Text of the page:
Swami, the son of a lawyer (who is the epitome of Indian respectability), and a truly Indian boy, entertains the reader from beginning to end. He and his friends and their exploits delight one as much as those of Richmal Crompton's William. At the same time, Narayan touches a deeper chord by the happenings that play a small, yet crucial role in Swami's life in the tiny,yet typical Indian town, Malgudi.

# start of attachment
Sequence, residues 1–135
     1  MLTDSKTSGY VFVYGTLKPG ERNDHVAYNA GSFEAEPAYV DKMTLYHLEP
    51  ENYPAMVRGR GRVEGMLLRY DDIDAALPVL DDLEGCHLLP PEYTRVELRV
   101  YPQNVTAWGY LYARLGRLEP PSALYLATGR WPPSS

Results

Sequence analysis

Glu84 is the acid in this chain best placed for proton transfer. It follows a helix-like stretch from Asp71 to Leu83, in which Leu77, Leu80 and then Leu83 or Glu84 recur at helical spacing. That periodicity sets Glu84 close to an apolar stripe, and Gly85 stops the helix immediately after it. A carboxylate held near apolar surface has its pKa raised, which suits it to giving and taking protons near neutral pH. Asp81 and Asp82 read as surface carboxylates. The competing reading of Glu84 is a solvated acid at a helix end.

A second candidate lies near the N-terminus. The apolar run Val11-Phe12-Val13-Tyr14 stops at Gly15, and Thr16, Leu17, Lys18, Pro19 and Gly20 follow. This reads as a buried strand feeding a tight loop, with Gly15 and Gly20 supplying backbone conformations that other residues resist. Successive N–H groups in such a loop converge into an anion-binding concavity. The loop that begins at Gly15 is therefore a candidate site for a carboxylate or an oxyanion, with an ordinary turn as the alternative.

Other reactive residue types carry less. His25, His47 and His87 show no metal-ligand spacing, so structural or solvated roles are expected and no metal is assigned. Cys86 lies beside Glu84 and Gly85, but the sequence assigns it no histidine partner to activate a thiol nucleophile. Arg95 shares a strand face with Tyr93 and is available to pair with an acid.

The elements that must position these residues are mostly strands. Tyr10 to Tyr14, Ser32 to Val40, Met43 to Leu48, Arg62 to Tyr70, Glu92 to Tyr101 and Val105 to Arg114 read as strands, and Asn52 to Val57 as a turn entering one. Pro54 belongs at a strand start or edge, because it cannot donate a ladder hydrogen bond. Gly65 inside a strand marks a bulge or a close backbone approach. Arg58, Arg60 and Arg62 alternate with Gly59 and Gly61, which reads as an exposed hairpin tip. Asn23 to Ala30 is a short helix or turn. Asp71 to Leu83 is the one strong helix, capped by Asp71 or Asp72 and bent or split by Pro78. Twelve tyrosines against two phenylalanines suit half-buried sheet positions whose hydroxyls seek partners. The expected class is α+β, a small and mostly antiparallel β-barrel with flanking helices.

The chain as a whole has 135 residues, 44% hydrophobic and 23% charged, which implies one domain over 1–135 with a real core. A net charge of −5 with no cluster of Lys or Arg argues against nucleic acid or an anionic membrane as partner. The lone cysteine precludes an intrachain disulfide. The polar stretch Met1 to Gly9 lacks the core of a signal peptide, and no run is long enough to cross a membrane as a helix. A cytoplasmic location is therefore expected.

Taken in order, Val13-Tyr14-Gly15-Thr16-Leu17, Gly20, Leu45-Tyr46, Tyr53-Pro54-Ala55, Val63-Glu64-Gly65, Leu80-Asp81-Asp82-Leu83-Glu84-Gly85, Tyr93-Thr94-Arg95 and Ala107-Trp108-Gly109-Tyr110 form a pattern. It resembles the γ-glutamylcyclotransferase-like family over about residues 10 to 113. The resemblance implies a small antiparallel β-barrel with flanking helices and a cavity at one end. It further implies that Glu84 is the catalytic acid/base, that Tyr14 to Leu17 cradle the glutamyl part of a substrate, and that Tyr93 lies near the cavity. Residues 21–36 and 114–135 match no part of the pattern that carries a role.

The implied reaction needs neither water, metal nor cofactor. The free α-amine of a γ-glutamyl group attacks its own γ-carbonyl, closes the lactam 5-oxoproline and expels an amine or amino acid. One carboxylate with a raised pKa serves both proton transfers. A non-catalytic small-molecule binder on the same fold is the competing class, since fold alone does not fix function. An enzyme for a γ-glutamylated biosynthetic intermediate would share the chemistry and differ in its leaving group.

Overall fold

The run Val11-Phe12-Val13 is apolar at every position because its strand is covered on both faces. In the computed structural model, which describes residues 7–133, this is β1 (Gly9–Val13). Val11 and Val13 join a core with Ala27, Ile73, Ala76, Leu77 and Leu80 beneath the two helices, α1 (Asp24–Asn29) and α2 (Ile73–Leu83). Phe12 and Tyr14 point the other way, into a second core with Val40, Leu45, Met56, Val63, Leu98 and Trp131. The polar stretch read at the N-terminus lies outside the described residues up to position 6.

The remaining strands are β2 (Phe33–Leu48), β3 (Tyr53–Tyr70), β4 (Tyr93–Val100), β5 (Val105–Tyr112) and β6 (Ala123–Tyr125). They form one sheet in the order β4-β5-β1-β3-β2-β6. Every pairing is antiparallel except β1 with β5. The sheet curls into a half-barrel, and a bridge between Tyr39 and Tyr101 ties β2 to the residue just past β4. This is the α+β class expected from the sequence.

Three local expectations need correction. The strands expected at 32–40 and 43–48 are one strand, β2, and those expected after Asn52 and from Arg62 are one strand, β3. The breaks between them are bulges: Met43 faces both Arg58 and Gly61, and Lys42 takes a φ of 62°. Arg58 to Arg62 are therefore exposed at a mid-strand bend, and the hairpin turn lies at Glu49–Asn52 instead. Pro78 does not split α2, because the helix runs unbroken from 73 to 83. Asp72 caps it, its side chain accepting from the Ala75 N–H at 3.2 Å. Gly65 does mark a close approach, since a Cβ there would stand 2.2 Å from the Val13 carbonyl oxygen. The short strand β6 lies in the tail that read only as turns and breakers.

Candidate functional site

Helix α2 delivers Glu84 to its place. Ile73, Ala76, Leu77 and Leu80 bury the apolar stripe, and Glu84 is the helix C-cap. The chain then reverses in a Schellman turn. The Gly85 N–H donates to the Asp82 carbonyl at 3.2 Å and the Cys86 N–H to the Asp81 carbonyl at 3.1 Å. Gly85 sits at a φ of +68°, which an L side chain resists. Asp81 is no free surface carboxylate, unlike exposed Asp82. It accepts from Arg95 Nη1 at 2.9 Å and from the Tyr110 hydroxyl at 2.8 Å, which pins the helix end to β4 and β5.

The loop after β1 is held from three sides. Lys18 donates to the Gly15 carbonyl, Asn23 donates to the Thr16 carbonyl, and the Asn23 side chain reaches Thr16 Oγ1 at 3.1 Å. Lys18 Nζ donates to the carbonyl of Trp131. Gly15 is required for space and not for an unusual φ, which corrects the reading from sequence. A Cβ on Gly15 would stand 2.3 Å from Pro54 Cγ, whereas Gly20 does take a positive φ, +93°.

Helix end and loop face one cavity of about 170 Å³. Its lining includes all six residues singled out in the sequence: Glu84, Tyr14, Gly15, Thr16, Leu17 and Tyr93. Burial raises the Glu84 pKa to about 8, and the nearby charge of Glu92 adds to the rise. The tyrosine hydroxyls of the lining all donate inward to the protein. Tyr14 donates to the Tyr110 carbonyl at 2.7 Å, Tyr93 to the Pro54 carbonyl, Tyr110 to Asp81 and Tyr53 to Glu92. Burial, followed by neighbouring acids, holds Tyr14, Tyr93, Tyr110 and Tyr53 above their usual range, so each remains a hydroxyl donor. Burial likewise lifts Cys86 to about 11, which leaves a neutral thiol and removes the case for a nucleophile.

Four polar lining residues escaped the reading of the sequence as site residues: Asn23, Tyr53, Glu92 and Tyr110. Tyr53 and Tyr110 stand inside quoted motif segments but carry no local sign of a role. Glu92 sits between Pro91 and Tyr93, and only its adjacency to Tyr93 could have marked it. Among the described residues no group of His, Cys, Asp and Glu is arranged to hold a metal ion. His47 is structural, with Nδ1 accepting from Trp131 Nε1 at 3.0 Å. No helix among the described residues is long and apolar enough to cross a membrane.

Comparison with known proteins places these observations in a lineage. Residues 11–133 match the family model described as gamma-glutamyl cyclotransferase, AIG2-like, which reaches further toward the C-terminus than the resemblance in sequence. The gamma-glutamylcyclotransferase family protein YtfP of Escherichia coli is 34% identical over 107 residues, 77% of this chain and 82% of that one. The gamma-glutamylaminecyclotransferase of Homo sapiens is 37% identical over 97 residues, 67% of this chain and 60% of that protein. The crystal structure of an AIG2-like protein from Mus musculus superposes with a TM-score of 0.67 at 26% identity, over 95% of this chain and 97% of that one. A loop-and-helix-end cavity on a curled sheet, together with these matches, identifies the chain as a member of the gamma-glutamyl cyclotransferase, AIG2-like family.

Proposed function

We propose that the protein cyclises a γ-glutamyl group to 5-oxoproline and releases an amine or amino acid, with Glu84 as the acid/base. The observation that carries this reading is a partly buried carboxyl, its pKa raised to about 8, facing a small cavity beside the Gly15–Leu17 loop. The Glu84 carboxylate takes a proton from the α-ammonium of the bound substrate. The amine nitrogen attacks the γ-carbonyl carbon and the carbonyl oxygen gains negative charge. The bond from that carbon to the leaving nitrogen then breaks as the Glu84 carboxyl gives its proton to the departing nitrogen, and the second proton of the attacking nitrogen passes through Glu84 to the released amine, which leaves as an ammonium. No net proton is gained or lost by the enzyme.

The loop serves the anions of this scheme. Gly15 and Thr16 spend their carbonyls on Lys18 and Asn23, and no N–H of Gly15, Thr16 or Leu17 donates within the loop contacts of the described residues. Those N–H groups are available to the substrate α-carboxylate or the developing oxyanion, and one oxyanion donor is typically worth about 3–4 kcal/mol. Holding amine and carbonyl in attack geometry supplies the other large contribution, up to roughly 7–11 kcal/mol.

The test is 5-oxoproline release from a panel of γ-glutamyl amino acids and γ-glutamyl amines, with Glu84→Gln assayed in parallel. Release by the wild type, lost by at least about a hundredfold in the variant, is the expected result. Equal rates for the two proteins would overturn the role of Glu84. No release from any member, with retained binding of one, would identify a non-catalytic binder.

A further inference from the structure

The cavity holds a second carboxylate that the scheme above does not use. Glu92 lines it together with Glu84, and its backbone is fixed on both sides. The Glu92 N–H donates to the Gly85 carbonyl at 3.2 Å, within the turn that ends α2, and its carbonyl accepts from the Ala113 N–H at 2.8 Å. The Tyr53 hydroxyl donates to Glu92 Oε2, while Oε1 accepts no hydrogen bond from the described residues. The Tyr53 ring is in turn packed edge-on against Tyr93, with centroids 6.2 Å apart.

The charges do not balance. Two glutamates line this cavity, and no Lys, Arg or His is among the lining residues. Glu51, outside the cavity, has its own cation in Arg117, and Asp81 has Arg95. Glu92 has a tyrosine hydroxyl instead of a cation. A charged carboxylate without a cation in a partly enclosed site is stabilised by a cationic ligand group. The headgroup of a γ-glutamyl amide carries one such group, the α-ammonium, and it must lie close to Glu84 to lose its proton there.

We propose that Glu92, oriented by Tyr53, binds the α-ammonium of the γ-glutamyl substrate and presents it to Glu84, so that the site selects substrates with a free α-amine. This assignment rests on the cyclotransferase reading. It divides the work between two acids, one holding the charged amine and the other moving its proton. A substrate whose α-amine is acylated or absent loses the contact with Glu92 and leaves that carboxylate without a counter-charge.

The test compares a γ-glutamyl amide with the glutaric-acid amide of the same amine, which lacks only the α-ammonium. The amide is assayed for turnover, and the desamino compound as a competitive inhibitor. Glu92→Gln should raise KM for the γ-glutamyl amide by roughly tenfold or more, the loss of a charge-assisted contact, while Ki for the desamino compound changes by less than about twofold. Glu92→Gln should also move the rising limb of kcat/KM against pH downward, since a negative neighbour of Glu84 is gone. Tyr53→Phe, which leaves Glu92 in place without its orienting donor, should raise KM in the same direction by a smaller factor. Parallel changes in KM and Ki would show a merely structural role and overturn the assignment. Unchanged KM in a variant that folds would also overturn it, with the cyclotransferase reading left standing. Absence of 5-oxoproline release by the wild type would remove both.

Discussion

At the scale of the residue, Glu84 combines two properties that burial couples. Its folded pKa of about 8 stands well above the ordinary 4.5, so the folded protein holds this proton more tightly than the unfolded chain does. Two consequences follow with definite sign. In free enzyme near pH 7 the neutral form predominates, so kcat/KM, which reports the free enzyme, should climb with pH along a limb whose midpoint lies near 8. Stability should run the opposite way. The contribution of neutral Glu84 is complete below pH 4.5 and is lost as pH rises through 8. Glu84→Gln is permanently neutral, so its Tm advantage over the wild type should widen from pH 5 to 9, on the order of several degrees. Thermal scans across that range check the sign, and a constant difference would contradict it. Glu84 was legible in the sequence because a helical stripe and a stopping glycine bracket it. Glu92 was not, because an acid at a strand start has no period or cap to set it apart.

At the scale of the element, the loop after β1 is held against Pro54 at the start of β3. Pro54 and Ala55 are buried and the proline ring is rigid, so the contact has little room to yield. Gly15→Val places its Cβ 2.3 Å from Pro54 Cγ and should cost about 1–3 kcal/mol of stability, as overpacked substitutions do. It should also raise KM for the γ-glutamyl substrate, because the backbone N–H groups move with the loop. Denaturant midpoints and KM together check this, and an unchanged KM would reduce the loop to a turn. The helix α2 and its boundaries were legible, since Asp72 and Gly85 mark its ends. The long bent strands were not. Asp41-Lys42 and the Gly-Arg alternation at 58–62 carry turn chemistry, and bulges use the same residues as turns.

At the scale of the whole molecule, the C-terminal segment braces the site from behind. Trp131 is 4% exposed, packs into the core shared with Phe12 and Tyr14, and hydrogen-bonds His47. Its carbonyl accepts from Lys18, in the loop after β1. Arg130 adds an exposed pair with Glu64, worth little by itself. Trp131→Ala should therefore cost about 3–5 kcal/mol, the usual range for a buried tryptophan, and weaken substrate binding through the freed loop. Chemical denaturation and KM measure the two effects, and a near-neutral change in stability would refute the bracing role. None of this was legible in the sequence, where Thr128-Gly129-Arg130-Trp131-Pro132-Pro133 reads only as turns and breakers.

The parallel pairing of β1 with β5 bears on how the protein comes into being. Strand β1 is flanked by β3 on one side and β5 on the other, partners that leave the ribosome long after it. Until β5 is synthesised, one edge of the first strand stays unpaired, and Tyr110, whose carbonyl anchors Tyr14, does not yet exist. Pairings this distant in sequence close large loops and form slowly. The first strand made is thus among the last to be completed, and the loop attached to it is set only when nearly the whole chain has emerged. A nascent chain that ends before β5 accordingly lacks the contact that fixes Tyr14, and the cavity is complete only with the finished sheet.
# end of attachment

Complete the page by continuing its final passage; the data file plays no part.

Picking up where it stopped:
Swami's grandmother, his friends - the brawny, not very bright but very trustworthy Mani, the pompous Rajam, son of the Superintendent of police - Swami's attempts at arithmetic (how much he must pay for so many mangoes) under the stern guidance of his father, who refuses to see the point (how could he calculate unless he knew if the mangoes were ripe or not?!), the Malgudi Cricket Club, Swami being served food by his mother, all capture the world of a little Indian boy at the time when India was demanding Independence, beautifully. Narayan's story brings to the foreground world that is really India, which seems to continue to this day, and to which all historical happenings are but backgrounds. The story, being seen from Swami's point of view, is delightfully candid, normal, healthy and funny. But it and don't miss any of Narayan's other books, they are pure delight for anyone who loves a good story.